THE ONSET OF Oscar season this year seems even more crazy-making than usual. There are so many 11th hour entries, it’s difficult to tell the dark horses from the pretty horses.
Movie critics and other aficionados are cramming in so many films they’re getting that Tom Hanks castaway’s glare. Screening rooms are so overbooked that people showing up for “Thirteen Days” may find themselves watching “Quills.” And the eligibility rules for movies like “Croupier” are sufficiently complex that you need a serious intellectual like Justice Clarence Thomas to interpret them.
The critics circles can always be counted on to further obscure things by honoring movies that no true-blue Academy member will ever get to see. None of the critics groups, you’ll recall, gave much credence to “The English Patient” or “Shakespeare in Love.” It remained for the Golden Globes and ultimately the Academy to anoint them.
But one thing’s for sure: The absence of front runners will ensure that big bucks will fuel this year’s Oscar race.
ALL THIS REPRESENTS business as usual for that grizzled veteran of the Oscar wars, Harvey Weinstein. The “where’s Harvey?” chorus ended abruptly last week when the Maven of Miramax finally arrived in town with his Oscar slate — “Chocolat,” “Malena” and “All the Pretty Horses.” Again, the critics circles may not smile on his slate, but Harvey, as usual, is playing by his own rules.
For one thing, he became the first company chief to vow that he’s going to work hard to prevent a strike next summer. This runs counter to the mantra of his corporate brethren who claim to welcome a shutdown.
Then, too, Harvey defied naysayers who trumpeted Miramax’s supposed “off” year, insisting that, despite problems in the arthouse business, his company notched a record 2000. Net profits, he said, jumped to $145 million versus $67 million a year ago, stemming from the success of “Scary Movie” (released under the Dimension label) as well as holdover revenues from ’99 films like “The Talented Mr. Ripley.”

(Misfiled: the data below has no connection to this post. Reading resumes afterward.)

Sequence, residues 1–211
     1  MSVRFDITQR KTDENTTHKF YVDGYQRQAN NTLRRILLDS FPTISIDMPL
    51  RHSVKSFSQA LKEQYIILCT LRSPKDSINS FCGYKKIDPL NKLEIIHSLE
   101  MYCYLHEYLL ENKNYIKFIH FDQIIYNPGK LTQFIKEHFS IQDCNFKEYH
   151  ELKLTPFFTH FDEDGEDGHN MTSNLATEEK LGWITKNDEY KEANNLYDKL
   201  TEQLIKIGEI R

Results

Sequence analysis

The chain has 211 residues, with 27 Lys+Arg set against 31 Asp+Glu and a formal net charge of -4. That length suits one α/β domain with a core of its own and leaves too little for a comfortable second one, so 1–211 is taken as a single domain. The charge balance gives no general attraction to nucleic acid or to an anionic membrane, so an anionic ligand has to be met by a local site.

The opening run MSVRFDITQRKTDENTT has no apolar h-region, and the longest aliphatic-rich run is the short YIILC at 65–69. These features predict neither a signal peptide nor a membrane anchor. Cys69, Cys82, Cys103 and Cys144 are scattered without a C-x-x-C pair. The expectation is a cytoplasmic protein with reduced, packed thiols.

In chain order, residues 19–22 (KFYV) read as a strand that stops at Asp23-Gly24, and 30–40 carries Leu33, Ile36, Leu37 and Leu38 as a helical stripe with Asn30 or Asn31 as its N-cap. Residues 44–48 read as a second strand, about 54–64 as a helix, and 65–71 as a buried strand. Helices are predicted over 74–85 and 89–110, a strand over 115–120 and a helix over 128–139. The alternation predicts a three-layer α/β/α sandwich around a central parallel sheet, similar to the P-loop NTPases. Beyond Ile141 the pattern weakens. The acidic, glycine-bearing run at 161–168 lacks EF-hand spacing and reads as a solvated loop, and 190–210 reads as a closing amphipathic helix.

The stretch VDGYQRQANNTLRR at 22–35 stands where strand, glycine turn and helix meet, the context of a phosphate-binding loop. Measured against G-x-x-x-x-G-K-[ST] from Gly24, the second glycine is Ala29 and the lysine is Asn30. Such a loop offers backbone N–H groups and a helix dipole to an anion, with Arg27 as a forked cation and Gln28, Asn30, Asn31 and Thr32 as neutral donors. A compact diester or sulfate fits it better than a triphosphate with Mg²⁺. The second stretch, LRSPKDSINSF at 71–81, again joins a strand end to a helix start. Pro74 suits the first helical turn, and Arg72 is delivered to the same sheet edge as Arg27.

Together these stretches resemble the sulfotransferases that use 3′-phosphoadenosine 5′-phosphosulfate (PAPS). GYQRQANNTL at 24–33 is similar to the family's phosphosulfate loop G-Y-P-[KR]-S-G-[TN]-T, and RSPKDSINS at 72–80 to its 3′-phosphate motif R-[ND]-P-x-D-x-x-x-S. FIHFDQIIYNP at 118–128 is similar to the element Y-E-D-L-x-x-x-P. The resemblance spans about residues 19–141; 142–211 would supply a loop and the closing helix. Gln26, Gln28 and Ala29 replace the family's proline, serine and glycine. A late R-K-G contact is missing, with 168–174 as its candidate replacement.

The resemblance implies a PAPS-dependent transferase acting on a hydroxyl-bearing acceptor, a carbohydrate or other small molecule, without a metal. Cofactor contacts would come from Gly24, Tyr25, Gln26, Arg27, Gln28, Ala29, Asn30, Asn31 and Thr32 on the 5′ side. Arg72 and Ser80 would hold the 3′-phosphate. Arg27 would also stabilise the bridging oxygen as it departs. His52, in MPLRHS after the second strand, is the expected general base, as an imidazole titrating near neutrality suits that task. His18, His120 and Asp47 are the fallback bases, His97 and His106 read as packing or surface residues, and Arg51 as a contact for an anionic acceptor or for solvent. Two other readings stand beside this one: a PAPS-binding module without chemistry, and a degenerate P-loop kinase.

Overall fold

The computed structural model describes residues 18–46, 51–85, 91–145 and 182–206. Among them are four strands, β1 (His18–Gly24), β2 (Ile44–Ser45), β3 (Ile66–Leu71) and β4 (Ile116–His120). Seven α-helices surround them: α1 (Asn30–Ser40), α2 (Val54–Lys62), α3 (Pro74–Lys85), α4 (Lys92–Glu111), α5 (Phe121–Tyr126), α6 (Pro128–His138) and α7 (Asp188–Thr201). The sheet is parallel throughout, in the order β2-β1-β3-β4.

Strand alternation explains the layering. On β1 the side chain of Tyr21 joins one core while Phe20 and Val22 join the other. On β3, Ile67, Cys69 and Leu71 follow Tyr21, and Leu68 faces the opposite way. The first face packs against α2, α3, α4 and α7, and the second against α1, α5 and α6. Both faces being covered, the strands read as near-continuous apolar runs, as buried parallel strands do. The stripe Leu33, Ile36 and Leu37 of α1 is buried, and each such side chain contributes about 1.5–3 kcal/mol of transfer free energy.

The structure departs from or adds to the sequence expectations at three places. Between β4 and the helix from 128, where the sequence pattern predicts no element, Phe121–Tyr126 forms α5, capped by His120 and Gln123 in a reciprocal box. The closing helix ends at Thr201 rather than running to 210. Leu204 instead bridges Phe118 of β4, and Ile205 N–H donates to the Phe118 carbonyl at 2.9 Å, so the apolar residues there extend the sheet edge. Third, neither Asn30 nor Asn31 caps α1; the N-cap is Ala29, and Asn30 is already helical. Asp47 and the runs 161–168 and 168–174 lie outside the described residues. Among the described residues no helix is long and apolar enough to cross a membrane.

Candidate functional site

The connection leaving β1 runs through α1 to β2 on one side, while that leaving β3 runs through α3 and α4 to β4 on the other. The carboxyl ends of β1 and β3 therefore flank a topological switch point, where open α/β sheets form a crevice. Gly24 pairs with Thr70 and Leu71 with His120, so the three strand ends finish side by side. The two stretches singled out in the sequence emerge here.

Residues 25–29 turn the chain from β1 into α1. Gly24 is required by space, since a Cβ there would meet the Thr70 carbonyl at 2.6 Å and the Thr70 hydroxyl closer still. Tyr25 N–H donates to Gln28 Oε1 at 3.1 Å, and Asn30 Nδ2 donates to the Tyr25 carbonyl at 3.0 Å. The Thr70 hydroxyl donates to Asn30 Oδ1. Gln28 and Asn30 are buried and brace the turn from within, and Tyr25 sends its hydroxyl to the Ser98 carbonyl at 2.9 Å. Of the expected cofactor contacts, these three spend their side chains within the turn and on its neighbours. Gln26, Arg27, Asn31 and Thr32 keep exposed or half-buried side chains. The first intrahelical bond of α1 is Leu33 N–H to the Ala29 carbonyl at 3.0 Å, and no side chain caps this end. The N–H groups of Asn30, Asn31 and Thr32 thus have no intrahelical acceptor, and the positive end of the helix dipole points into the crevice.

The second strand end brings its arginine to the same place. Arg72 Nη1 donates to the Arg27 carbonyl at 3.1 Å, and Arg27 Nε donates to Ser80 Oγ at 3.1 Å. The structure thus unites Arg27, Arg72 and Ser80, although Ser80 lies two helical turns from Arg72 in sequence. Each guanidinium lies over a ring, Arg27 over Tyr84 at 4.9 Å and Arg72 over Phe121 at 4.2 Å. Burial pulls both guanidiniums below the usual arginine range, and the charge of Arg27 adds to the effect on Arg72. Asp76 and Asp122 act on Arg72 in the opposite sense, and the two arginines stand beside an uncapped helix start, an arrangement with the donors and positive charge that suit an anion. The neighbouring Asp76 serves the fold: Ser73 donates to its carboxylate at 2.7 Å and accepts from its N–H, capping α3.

Even Talk Magazine, which developed an early stutter as a result of its Euro-style graphics, shows signs of a significant upturn. And though Harvey conceded his disappointment with some releases (such as “The Yards”), 2000 was a damned good year, he insisted.
Miramax has caught some heat for pushing increasingly into expensive co-ventures with major studios rather than crouching down in its niche markets, but Harvey has no intention of turning back.
IN 2001, the company will release its share of mega-pics, led by “Gangs of New York” starring Leonardo DiCaprio and directed by Martin Scorsese. Again, rumors swirl around this high-profile film, but Harvey says its budget is still lurking under $90 million and is delighted with the footage.
And despite these ventures, he promises Miramax will maintain its fealty to the art market — witness his promised voyage to Sundance in January (he missed last year’s event due to illness).
Harvey may be confident that his Oscar campaign will fare better than his Gore campaign, but his rivals have other plans.
Despite its dark subject matter, “Traffic” from USA Films, continues to generate buzz — the New York Film Critics anointed it as best picture last week.
There’s also heat behind “You Can Count on Me,” which seemed to catch startup Paramount Classics by surprise.
No one expected a Chinese-language film to cause a stir, but that’s what’s happening to the remarkably theatrical “Crouching Tiger, Hidden Dragon.”
ACADEMY MEMBERS have always venerated “important” films, and the riveting “Thirteen Days,” about the Cuban missile crisis, easily qualifies. And Academy members are not being allowed to forget those breakout hits from earlier in the year, “Erin Brockovich” and “Gladiator.”
Moreover, if Harvey Weinstein is a hardy campaigner, Tom Hanks also has his share of Oscar combat ribbons. He and his distributor, 20th Century Fox, have no intention of letting “Cast Away” get lost in the shuffle.
If the screening schedules are overly crowded, filmgoers this year at least cannot complain that the movies themselves are too long.
With a few exceptions, filmmakers, circa 2000, seem to have learned the value of economy. Even when lengthy first cuts were delivered, cooler heads, and sharper scissors, prevailed.
Somewhere along the way, “All the Pretty Horses” slimmed down from three and a half hours-plus to a mere 117 minutes, and the story is still true to the book.
The fabled Harvey Scissorhands might aspire to final cut over the next presidential election.